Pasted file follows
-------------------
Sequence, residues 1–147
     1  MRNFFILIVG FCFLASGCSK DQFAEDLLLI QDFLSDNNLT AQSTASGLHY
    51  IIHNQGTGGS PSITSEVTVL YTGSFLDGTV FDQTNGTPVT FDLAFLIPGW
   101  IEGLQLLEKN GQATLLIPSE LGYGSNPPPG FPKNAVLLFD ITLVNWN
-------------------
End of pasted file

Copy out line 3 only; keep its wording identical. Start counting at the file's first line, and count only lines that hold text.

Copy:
    51  IIHNQGTGGS PSITSEVTVL YTGSFLDGTV FDQTNGTPVT FDLAFLIPGW